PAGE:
Driving through southern Iceland we felt small and almost insignificant as we were surrounded by towering mountains, glaciers and volcanoes. Although there were little to no traces of human civilization, we were reminded of the life that exists on this grand and dramatic landscape. Iceland is a young landmass, and it is indeed very much alive, as we were reminded by the lava fields scattered all around us (covered now in moss). It was an experience we will never forget.
Located on the Golden circle are the Kerið crater, the famous Geyser and the Gullfoss waterfall. Since we were driving from our hotel in Hvolsvöllur we did not drive the full circle, but we were set on seeing at least the Geyser and the Gullfoss waterfall. The drive this time was less dramatic and more inhabited than the day before, but still just as beautiful. As we were making our way towards the Geyser, we noticed the Kerið crater. We decided to check it out. There was an entrance fee of 4 euros, but we paid it anyways and we were glad we did because it was pretty spectacular.
The next day we had to return our car and pick up a new one, so we spent some time in Reykjavik, exploring some more shops and restaurants. At the end of the day we visited the famous Blue Lagoon. It is important to know that the Blue Lagoon is one of the most popular attractions in Iceland, therefore when visiting you must buy your ticket in advance.
We had originally planned on going during the day, but the only tickets left were for the evening so we arrived for the 8pm slot. The sun was still shining ( as it does all night long in the summer months) and the water was relaxing and warm. We really enjoyed ourselves!
After a few days of driving along southern Iceland, we wanted to stretch our legs and explore the area near our hotel. Although Hvolsvöllur is a smaller town, there are museums, grocery stores and other sit down places to eat ( which outside of Reykjavik are hard to come by).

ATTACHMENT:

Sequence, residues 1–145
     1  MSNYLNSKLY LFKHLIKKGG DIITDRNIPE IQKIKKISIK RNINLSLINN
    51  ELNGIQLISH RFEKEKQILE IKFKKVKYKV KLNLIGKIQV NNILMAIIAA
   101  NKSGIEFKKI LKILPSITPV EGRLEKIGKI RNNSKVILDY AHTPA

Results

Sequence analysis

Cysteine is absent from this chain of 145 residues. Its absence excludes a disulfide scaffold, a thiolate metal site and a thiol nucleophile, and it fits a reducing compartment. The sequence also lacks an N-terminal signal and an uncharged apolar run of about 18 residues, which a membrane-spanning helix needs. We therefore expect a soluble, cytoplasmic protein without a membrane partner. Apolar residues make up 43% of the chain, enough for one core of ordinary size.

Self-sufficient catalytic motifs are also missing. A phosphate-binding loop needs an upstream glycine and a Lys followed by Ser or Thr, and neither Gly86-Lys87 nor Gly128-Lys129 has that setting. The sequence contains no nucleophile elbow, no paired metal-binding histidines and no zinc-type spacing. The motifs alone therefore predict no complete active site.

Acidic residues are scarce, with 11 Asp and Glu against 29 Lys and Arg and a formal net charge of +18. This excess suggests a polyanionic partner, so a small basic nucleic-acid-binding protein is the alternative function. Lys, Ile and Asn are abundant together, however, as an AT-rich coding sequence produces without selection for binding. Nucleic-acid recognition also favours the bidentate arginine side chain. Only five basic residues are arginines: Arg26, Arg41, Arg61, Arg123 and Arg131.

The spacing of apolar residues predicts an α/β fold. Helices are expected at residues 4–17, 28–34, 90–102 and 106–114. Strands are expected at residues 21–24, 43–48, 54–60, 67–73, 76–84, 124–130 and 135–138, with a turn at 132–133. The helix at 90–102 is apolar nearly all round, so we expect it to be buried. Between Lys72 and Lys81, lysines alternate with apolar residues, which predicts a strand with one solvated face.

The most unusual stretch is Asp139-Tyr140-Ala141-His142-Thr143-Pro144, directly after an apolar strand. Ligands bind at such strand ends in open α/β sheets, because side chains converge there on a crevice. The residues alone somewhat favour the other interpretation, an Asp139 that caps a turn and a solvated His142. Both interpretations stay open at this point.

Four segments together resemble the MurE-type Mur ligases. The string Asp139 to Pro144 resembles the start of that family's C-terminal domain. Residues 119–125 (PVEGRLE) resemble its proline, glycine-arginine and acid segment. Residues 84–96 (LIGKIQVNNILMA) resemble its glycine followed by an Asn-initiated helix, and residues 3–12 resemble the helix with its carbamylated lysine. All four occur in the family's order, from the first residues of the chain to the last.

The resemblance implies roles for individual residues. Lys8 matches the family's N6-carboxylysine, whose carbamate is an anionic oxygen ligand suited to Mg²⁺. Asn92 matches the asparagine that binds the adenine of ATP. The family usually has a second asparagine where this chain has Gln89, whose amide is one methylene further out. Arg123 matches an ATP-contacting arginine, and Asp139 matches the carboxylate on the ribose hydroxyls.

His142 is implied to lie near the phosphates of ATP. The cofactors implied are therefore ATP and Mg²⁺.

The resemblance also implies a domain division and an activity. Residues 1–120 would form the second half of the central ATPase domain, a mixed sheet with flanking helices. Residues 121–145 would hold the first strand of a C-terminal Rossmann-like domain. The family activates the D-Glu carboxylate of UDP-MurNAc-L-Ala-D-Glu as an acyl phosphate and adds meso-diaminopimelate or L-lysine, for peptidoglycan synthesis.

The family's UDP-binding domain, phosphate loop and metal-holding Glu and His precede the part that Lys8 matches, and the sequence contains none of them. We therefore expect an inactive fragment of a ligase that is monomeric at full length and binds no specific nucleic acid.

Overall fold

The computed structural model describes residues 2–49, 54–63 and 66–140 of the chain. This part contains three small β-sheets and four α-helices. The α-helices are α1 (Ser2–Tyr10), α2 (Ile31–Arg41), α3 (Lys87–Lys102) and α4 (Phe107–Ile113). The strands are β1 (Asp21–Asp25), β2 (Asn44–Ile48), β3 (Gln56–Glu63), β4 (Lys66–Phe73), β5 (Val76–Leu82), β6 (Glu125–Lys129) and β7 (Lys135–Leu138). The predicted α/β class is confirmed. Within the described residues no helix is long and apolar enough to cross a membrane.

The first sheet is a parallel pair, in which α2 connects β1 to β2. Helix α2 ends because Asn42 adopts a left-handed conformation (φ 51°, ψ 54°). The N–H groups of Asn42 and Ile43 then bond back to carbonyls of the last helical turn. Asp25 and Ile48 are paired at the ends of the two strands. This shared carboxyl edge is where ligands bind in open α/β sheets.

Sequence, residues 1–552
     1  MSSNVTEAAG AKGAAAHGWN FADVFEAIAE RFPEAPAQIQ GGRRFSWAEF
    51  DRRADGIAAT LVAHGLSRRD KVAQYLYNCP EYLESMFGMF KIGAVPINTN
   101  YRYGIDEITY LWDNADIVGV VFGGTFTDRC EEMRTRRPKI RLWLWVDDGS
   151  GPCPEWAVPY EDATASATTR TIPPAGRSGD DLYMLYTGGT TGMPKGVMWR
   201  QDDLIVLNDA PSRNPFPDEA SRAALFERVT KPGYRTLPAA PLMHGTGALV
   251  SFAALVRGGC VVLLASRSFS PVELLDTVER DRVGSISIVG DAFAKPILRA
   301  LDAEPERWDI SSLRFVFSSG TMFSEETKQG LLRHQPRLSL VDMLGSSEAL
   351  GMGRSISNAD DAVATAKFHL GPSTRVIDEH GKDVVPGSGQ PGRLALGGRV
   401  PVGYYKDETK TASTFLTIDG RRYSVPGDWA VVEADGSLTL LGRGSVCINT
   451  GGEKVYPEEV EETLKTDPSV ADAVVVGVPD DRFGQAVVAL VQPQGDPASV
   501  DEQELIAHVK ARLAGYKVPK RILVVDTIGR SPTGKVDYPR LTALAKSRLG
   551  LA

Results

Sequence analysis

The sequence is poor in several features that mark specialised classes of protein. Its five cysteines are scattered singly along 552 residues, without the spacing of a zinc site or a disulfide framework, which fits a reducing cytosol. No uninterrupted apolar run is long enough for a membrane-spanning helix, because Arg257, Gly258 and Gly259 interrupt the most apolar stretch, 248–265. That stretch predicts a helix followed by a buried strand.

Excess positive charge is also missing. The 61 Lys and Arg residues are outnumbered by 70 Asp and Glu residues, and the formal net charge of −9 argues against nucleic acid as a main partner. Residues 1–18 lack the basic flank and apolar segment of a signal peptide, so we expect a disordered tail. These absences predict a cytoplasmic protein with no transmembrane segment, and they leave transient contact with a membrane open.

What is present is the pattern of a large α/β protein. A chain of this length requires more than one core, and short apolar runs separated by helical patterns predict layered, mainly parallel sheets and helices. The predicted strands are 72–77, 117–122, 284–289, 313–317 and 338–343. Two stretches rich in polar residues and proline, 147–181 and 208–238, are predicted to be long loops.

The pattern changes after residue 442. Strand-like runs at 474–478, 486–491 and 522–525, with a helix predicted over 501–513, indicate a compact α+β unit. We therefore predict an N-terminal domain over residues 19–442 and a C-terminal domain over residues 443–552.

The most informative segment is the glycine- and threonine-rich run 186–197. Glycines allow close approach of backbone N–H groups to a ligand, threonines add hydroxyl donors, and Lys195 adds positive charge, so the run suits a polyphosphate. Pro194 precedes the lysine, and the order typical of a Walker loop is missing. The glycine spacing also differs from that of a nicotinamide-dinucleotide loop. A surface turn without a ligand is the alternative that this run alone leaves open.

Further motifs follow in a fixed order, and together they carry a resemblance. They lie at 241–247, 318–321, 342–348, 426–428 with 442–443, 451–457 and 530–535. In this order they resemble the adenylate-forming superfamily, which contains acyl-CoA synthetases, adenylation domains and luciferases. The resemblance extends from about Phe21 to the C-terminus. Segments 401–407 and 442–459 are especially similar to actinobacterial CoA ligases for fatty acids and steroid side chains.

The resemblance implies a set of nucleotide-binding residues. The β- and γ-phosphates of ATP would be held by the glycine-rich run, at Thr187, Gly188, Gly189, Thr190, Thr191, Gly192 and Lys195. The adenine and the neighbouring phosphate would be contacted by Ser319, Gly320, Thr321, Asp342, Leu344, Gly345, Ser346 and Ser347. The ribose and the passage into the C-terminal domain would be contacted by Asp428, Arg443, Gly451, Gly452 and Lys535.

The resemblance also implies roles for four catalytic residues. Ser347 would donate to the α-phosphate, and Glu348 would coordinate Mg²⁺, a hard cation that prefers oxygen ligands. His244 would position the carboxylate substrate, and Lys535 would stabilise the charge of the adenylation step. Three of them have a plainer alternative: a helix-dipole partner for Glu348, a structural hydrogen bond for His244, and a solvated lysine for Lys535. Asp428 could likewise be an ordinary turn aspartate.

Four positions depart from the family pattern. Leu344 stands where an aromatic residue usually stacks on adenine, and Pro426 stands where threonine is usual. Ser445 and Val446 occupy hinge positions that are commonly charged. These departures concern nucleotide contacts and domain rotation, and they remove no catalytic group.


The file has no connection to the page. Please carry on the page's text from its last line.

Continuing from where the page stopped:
Two minutes away from our hotel was the Saga Centre, which we had heard about from our previous research, so we were excited to check it out. The museum featured the saga of Njal, which is one of the most famous of the sagas, and also featured some information about the Vikings and their influence on Icelandic history.
Luckily for us, the brand new Lava Centre opened just a week before our arrival. We had driven by it on our way to the hotel and we were curious to check it out. Being brand new, the museum featured state of the art technology, making the experience an interactive and fun experience.
The exhibition includes information about earthquake activity, details about the local volcanoes and other geological information related to Iceland. The museum also featured a cinema which played a captivating and eye-opening film on the volcano activity in Iceland.
At the end of the day we walked up a small mountain, where we had a nice view of the town and the surrounding areas and reflected on our past 5 days in this amazing country.
We had always been intrigued by Iceland, and we knew it would be an amazing experience to visit, but our trip turned out to be so much more than what we expected. The beauty of this country is indescribable, and although you can capture some of it through photos, nothing compares to seeing it in person.
As we flew away from Iceland, we were reminded of how precious and special this planet is, and how it is our job as humans to protect the nature of not only places like Iceland but all over the world.
We fell in love with this country with its friendly people, beautiful nature and its diverse history. We would highly recommended visiting Iceland if you get the chance; it will change your life.